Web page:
National Catholic Register

News

What They Saw

BY Jim Cosgrove

September 8-14, 2002 Issue | Posted 9/8/02 at 2:00 AM

 

“As people escaped from the buildings, some of them were making confessions. ‘Give me a blessing, Father,’ they'd ask. I heard one or two confessions. They were all hurrying away. But they'd say, ‘Just give me absolution, Father,’ as they hurried to get out of the place.”

— Father Peter Philominraj, Our Lady of Victory parish.

“While ministering to the wounded in front of the Millennium Hotel, I heard what sounded like gunshots coming from the towers. It was not gunfire. It was the distinct sound of bodies falling to the earth.”

— Father Jim Hayes, St. Andrew's Catholic Church, Manhattan

“After the buildings came down, I saw an officer running out of the debris cloud covered with dust. I ran into a nearby deli and grabbed eight to nine bottles of water to pour on his head. He later joked that he thought I was one of New York's first looters.”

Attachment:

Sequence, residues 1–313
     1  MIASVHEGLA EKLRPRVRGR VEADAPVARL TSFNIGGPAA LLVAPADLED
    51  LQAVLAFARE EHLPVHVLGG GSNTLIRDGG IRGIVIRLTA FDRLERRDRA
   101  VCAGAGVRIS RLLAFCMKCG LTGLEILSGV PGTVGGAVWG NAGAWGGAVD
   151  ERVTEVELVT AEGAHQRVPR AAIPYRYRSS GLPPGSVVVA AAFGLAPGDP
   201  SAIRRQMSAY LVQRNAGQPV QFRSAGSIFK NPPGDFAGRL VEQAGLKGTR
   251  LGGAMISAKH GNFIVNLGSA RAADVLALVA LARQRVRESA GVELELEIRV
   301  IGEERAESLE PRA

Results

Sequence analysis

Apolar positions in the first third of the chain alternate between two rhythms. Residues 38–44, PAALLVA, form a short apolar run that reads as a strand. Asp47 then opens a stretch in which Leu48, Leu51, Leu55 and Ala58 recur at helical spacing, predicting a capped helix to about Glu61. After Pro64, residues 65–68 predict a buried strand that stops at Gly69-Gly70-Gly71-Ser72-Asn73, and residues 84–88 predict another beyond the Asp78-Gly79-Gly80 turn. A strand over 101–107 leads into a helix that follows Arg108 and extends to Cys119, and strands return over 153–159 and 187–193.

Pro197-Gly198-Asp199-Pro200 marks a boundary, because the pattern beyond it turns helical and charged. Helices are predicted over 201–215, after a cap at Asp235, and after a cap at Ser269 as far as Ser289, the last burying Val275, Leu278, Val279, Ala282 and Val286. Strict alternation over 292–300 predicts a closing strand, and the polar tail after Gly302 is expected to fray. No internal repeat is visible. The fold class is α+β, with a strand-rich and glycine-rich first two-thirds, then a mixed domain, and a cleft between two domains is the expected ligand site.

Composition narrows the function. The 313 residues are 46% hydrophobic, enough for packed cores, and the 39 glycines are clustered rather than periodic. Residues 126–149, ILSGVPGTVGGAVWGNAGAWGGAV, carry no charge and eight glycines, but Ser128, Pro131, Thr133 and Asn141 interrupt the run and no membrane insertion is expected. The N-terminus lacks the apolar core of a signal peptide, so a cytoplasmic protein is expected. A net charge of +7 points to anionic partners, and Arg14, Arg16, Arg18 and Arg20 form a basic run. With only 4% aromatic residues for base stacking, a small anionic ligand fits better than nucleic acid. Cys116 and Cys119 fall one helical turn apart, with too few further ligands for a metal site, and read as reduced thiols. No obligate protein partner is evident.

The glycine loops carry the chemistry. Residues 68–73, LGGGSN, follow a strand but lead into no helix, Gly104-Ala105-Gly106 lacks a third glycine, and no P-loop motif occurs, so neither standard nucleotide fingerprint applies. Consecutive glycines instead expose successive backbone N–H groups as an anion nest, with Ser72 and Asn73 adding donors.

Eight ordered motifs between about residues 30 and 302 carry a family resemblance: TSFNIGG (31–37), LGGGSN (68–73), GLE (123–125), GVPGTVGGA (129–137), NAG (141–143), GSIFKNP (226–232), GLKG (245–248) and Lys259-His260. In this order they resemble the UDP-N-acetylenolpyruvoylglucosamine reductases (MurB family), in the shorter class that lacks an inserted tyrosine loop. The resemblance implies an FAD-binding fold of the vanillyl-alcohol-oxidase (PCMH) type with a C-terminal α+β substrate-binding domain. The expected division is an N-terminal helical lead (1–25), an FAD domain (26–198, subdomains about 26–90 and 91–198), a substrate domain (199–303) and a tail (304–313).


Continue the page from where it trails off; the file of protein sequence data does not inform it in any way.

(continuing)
— Father Chris Hynes, Port Authority chaplain

“As I approached the place where one of our fellow citizens lay, every activity would stop. Soldiers would halt, digging would cease, police officers and firemen sifting through the rubble would lay aside their duties, and together we would kneel in the dust and bow our heads to pray for the dead and to afford them the reverence, respect and love that they so richly deserve.’”

— Father Robert Marciano, military chaplain, Pentagon

“I was appointed as chaplain of the Port Authority just 10 days before Sept. 11. When I got down to Ground Zero on the evening of the 11th, I could not believe the devastation. It was like World War II. It was beyond my imagination. The dust was ankle-deep. There was so much smoke and the smell was unforgettable. There were three air-cooled tractor-trailers serving as morgues. As body parts were discovered they were placed in plastic bags, wrapped in an American flag and saluted and carried away. I spent the evening praying over and blessing them.

“For the first five months I spent Monday through Friday from 9 a.m. to 8 p.m. working at Ground Zero and working with the 74 Port Authority families that have lost a loved one.”

— Father Mark Giordani, Cathedral of St. John the Baptist, Paterson, N.J.